TIFF 2014: Alleluia
Inspired by the true story of Raymond Fernandez and Martha Beck, famously known as The Lonely Hearts Killers, Fabrice du Welz’s Alleluia delves straight into the psyche of a couple consumed by insane, murderous love. After single mom Gloria (Lola Dueñas) answers an online dating ad from shoe salesman Michel (Laurent Lucas), she falls madly (and I mean madly) in love with him. Michel turns out to be a fraud, a con artist seducing older women before stealing from them, but this doesn’t phase Gloria one bit; she happily agrees to go along with his scams, abandoning her daughter and posing as Michel’s sister.
The plan to let Michel seduce women into giving him money doesn’t go too well. Gloria’s jealousy of her true love sleeping with other women drives her into a murderous rage, and after walking in on Michel having sex with his new wife she strangles her to death. At this point Alleluia drives straight into crazy town, diving head first into the depraved mental states of its central couple. They continue on, finding more lonely women to take advantage of, and with every new death Gloria’s passion for Michel only grows in intensity.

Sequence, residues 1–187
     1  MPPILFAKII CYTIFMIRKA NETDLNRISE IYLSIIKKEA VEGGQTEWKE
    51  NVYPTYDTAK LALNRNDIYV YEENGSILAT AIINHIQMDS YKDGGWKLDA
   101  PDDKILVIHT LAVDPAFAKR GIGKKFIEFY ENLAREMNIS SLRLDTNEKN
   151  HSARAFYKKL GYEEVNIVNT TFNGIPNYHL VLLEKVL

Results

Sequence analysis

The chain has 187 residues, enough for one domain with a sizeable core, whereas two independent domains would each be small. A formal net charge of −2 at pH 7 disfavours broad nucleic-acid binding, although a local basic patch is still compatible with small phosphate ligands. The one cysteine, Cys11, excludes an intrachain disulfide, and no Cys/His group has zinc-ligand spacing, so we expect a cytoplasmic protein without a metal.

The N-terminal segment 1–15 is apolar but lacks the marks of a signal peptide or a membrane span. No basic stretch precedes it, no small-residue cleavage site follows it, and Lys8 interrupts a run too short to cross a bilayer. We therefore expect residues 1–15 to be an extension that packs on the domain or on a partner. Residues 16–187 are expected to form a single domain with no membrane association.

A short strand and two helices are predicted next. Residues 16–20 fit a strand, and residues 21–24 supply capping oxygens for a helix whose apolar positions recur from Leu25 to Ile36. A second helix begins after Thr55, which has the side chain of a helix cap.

Fabrice du Welz has a penchant for creating truly surreal, unforgettable moments in his films (see this dance scene from Calvaire or the opening of Vinyan), a trend he continues with Alleluia. A surprise musical number with a grisly ending will definitely have people talking, and a kinetic sequence of Gloria and Michel dancing naked around a fire ends up being one of the film’s most beautifully horrific moments. It’s just unfortunate that these highlights happen so sparingly, as Alleluia‘s story plays out rather predictably. Granted, it’s based on a familiar true story (most famously adapted into The Honeymoon Killers), but du Welz’s attempts to punch things up stylistically only work some of the time. Add the abrupt, unsatisfactory ending into the mix and Alleluia winds up being a disappointment.
Credit where it’s due, though: Manu Dacosse’s cinematography constantly impresses, using ultra-grainy 16mm film stock to full effect in establishing the film’s disturbing mood. But it’s Lola Dueñas who impresses the most here, completely throwing herself into her role. She’s simultaneously ferocious and devastating, spending the film’s first half to show her vulnerability before unleashing a whirlwind of rage once she starts killing. Sadly Alleluia‘s finer qualities prove to be more admirable than enjoyable, as the film can’t break free of its old-hat narrative.